2 pieces artisan bread, toasted

Crushed oregano, for garnish

Instructions:

Wash thoroughly every crevice and leaf stem of each ramp. Cut off and discard bulb roots. Rinse again. Gently pat dry with paper towels. Set aside. Warm olive oil and butter in a skillet over medium heat. Transfer ramps to the skillet. Cook until tender and crispy, gently turning. After 10 minutes, divide ramps between two plates. Cook eggs according to personal preference. Add to each plate. Heat smoked sausage, slicing open to sear. Arrange on plates. Butter toast to complete each breakfast plate. Garnish ramps and eggs with crushed oregano. Serve immediately.

Flatbread Gone Wild

What’s Cooking in Gail’s Kitchen? Elevated Edibles: Flatbread Gone Wild! Have you ever peeked through the window on the oven door while food is baking? Of course you have. Everyone does. The surprise you’ll find when baking wild ramps is the leaves puff up as though filling with air like a balloon animal at a child’s birthday party. It’s fun to see and totally unexpected. They almost seem to take on a life of their own. If you’re worried about the leaves popping, take a cake tester and pierce them beforehand, just to be sure. Personally, I like to roast wild ramps long enough to char the edges for a subtle hint of smokiness.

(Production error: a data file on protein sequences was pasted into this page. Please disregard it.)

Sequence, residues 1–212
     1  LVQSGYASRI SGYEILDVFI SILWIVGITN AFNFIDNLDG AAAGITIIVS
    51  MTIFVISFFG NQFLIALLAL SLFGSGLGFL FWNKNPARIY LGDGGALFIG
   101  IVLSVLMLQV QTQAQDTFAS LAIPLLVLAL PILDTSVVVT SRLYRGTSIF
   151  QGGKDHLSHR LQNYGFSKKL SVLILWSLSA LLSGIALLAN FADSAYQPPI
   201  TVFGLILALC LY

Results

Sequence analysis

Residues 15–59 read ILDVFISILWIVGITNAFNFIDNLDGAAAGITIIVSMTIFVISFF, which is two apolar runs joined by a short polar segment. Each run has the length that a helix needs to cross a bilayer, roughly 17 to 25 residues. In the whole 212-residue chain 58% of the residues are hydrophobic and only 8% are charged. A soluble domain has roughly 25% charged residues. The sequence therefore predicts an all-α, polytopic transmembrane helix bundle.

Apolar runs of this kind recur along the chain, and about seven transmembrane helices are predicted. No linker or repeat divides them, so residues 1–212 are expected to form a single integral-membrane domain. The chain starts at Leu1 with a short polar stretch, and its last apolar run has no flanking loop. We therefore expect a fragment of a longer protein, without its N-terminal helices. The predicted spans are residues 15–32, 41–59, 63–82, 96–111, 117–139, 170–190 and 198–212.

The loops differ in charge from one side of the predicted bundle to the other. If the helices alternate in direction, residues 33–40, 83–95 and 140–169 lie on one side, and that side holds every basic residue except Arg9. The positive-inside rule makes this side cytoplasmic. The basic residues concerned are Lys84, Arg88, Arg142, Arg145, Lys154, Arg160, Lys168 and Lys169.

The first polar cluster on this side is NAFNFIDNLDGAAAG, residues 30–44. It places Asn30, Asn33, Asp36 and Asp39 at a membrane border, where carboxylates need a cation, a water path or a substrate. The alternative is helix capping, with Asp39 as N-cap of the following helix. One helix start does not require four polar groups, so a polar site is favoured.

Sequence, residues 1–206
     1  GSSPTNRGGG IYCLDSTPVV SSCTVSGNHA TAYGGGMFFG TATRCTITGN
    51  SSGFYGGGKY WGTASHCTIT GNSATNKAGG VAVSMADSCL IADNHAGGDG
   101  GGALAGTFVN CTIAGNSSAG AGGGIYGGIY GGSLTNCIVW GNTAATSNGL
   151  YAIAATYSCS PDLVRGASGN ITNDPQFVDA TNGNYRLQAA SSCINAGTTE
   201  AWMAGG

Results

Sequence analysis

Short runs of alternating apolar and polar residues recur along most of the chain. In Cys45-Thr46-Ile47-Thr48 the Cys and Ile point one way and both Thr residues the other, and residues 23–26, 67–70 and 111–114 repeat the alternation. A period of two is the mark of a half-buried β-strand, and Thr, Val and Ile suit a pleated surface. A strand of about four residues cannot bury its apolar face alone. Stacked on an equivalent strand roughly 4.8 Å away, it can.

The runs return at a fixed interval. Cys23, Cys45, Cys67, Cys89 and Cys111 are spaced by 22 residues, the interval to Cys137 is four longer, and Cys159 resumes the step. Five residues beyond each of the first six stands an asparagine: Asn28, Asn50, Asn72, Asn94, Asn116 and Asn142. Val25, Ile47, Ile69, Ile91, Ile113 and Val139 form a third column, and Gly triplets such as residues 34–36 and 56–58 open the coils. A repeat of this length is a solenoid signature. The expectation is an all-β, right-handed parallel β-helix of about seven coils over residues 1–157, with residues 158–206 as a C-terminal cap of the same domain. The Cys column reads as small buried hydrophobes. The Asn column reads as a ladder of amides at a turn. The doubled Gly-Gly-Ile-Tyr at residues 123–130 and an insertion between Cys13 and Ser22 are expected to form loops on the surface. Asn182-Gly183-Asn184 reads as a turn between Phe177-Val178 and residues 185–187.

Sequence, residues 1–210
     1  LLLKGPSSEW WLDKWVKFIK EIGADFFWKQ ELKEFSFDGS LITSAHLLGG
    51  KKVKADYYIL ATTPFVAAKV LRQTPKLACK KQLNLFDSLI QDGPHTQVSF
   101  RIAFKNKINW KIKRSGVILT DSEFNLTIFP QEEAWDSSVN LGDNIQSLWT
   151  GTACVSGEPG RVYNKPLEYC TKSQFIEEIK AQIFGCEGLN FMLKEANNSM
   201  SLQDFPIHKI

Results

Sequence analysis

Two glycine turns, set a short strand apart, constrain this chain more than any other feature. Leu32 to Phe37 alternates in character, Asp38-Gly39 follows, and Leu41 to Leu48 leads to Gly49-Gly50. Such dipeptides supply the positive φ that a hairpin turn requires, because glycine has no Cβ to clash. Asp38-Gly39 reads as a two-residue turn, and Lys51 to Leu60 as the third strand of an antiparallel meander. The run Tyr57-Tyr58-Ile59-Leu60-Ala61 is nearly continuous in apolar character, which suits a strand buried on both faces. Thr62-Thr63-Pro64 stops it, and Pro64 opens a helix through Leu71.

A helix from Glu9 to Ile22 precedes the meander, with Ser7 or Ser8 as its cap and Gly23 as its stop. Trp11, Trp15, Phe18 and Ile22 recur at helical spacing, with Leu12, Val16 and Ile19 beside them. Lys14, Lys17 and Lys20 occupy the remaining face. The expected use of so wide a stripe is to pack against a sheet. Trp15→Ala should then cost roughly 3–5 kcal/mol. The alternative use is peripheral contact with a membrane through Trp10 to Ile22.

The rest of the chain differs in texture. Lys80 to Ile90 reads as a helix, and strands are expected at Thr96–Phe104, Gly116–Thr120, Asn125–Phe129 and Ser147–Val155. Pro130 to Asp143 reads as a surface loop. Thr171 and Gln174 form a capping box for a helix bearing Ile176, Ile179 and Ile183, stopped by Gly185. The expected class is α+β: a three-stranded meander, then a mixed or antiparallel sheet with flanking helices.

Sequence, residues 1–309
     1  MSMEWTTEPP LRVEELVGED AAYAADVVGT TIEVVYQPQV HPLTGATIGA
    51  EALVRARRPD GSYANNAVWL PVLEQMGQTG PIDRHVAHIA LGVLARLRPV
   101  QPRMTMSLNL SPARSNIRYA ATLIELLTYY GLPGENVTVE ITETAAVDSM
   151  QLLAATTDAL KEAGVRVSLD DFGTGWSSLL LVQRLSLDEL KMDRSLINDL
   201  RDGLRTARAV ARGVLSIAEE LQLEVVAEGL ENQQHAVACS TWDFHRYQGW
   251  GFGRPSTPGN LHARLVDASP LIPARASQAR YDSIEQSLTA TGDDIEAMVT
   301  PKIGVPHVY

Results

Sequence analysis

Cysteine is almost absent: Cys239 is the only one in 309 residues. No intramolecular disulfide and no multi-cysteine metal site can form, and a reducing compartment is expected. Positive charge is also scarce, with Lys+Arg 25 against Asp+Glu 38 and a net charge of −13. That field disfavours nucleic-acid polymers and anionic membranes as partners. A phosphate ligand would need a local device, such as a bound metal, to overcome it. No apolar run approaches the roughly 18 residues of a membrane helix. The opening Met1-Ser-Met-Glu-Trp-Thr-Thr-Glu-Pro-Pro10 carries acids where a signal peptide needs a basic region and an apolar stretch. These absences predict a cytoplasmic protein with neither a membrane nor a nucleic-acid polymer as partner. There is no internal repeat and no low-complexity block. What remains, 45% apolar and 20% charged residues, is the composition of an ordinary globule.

FLATBREAD GONE WILD

Ingredients:

1 prepared flatbread

1-2 tablespoons olive oil

1 tablespoon cornmeal

1/4 cup marinara sauce

1/2 cup mozzarella cheese, shredded

1/4 pound wild ramps, washed and patted dry

1/2 teaspoon sea salt

1/2 teaspoon crushed oregano

Instructions:

Preheat oven to 400°. Brush the bottom of the flatbread with olive oil. Sprinkle with cornmeal. Bake for 5 minutes on a pizza stone. Remove from oven, brush the top of the crust with olive oil. Spread on the marinara sauce, stopping before the edges. Layer mozzarella cheese over sauce. Arrange wild ramps lengthwise over cheese. Sprinkle with sea salt and crushed oregano. Bake 20 minutes until the cheese bubbles and the edges are crisp.

Wild Ramps Charbroiled

What’s Cooking in Gail’s Kitchen? Table Food: Wild Ramps Charbroiled! Whether you stumble upon this coveted crop at your neighborhood Farmers Market, or are fortunate enough to forage them yourself, wild ramps are as rare as hens teeth. You better have a plan. Unless you pickle them or freeze them, the best you can hope for is a 4-5 day shelf life in the refrigerator. At that point they will begin to deteriorate, develop an offensive odor, and you will have lost your window of opportunity for the year. Practice sustainable harvest. Never take more than you intend to eat.